Atkins wins FEED contract for Ailes Marines’ St Brieuc Offshore Windfarm

Ailes Marines has selected Atkins to provide the Front End Engineering Design (FEED) and Detailed Design of wind turbine jacket substructures for the 496MW St Brieuc Offshore Windfarm in Northern France.

The St Brieuc Offshore Windfarm is being built in the English Channel off the coast of Brittany with an investment of €2.5bn by Ailes Marines, which is a consortium made up of Spanish energy company Iberdrola and French firms Renewable Energy Systems (RES) and Caisse des depots.

Under the contract, Atkins will be responsible for the design of 62 jackets for the 8MW turbines to be supplied by Siemens Gamesa. Atkins, which is a member of the SNC-Lavalin Group, is expected to use its vast geotechnical expertise to mitigate challenging ground conditions faced by the project.

Atkins offshore wind director Andy Thompson said: “This adds to our growing portfolio of offshore wind projects that provide clean energy and play a crucial part in Europe’s energy mix.

“It is important that as we work with an international supply chain, we advance the deployment of cost effective renewable energy technologies.”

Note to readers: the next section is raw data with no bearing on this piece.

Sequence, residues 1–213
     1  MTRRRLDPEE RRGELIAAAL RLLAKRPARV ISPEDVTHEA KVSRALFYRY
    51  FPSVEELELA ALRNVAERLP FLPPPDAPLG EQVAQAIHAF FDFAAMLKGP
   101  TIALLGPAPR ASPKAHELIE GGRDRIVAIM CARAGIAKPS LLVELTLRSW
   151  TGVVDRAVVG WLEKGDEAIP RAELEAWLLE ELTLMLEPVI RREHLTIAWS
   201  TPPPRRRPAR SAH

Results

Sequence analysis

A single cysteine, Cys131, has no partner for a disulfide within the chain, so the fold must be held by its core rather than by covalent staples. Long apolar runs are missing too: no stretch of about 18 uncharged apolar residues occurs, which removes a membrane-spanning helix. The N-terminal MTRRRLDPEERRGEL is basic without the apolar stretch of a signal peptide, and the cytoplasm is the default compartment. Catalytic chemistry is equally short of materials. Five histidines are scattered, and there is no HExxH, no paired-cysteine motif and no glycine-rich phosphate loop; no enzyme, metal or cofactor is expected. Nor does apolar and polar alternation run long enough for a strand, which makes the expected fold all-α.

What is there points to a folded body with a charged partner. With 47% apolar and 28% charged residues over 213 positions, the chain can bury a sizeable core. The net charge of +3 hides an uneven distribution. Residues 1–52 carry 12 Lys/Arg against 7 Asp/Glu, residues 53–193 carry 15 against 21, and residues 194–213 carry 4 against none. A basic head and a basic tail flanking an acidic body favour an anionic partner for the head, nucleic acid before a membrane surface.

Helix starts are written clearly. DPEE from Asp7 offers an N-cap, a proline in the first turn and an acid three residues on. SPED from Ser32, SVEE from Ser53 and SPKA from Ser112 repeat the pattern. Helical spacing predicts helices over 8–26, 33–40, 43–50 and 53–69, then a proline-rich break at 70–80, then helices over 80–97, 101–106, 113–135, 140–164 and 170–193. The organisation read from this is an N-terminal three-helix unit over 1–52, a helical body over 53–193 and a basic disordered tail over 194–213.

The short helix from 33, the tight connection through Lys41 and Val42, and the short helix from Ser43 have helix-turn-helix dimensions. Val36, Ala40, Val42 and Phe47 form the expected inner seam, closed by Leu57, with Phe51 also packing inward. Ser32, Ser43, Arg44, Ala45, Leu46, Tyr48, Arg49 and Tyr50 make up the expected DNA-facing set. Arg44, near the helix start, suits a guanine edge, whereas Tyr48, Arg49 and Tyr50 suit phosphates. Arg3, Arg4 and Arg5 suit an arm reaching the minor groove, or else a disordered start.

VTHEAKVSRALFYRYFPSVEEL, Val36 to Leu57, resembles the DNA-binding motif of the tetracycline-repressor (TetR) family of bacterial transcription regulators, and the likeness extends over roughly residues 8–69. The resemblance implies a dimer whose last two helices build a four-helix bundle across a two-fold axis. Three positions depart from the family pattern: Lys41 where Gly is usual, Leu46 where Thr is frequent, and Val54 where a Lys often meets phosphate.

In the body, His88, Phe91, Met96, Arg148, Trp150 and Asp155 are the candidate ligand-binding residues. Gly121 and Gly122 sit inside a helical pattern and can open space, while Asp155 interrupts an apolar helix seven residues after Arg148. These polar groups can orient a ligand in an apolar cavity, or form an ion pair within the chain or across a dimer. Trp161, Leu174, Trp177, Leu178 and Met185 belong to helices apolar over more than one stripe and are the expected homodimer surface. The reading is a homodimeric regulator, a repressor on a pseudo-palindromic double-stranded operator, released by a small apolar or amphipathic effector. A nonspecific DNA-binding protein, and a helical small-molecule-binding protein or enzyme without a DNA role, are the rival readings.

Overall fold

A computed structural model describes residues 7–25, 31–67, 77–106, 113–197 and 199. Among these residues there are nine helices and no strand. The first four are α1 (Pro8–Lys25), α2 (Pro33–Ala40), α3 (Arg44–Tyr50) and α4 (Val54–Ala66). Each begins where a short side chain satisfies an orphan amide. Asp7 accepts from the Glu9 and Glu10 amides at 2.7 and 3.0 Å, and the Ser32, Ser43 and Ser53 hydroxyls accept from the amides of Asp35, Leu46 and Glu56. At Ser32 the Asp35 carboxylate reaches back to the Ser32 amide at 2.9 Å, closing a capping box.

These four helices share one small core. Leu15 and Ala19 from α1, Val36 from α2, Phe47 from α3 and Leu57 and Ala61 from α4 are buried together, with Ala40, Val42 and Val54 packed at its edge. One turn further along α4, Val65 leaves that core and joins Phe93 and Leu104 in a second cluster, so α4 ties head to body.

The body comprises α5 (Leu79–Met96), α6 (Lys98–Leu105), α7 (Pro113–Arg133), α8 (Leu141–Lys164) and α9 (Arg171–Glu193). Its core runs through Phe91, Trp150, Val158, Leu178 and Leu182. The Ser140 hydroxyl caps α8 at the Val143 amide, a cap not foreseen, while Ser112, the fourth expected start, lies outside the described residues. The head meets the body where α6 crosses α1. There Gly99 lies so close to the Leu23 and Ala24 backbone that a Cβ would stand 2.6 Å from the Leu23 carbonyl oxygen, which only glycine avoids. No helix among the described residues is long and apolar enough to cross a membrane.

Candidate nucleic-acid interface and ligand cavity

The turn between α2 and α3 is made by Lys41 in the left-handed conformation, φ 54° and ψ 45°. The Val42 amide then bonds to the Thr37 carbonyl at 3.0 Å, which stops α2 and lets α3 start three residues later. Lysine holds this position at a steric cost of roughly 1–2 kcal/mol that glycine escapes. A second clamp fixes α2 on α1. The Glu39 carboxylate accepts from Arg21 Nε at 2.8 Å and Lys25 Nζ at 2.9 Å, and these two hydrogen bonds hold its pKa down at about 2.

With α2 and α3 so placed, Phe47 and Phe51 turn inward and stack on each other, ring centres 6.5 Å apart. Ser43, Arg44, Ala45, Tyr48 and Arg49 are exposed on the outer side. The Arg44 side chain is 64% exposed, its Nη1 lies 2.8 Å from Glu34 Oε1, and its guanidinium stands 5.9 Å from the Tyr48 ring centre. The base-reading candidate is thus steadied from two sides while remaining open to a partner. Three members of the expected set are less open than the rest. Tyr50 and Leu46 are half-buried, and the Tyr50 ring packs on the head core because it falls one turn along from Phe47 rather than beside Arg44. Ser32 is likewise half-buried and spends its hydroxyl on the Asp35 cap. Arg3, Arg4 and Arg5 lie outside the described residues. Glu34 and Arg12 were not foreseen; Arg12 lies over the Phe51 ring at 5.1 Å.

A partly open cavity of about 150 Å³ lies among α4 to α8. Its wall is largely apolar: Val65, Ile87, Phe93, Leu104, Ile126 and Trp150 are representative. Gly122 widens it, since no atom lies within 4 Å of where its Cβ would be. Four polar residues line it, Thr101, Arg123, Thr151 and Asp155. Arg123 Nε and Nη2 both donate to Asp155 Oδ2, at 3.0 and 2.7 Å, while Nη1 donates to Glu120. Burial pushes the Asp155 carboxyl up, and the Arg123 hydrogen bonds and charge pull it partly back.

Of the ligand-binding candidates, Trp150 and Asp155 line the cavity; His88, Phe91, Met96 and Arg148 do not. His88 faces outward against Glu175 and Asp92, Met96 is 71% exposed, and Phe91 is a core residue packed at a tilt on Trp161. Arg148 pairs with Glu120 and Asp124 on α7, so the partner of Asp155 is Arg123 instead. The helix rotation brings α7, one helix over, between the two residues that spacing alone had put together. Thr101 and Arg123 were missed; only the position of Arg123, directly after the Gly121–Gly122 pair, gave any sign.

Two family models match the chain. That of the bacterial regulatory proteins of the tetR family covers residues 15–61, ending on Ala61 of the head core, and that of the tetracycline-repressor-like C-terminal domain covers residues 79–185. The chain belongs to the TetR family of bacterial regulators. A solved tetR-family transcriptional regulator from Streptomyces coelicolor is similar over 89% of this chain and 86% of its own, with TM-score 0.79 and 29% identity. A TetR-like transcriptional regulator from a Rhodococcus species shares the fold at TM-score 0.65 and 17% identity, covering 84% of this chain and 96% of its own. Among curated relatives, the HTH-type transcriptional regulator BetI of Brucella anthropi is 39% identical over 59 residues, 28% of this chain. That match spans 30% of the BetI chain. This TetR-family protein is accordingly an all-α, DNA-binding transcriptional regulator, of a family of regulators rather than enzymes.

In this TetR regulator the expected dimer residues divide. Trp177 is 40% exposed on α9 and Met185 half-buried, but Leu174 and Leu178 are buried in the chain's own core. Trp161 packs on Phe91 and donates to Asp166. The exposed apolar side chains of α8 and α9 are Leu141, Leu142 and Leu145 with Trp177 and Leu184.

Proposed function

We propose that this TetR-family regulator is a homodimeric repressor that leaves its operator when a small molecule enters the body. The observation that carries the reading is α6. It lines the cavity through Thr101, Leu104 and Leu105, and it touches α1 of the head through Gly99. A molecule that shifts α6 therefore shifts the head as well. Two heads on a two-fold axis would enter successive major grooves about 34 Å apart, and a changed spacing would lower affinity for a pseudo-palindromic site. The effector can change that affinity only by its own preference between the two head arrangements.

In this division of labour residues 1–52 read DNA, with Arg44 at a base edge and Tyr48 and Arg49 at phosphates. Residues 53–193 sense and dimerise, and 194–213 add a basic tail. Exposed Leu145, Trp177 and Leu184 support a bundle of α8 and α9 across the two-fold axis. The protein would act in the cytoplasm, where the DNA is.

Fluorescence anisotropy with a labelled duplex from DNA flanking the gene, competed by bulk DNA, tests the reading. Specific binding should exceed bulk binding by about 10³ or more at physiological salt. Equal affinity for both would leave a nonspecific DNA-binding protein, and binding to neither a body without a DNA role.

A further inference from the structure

The St Brieuc Offshore Windfarm, which is slated to enter into operations in 2023, will generate enough clean energy to meet the power consumption needs of 835,000 people.

Last year, Siemens Gamesa was given an order to provide 62 of its SG 8.0-167 DD 8MW offshore direct-drive turbines for the project. The 207m tall wind turbines of the St Brieuc Offshore Windfarm will be equipped with the ‘direct drive’ technology.

The blades of the SG 8.0-167 DD turbines, which will measure nearly 82m in length, are expected to provide a swept area that is 18% that is 18% larger than the previous model. They are also expected to help in delivering 20% more annual power production compared to their predecessor.

Upon its commissioning, the St Brieuc Offshore Windfarm will be the fourth offshore wind facility of Iberdrola after the 389MW West of Duddon Sands in the Irish Sea, the 350MW Wikinger offshore wind farm in the Baltic Sea and 714MW East Anglia ONE in the southern North Sea.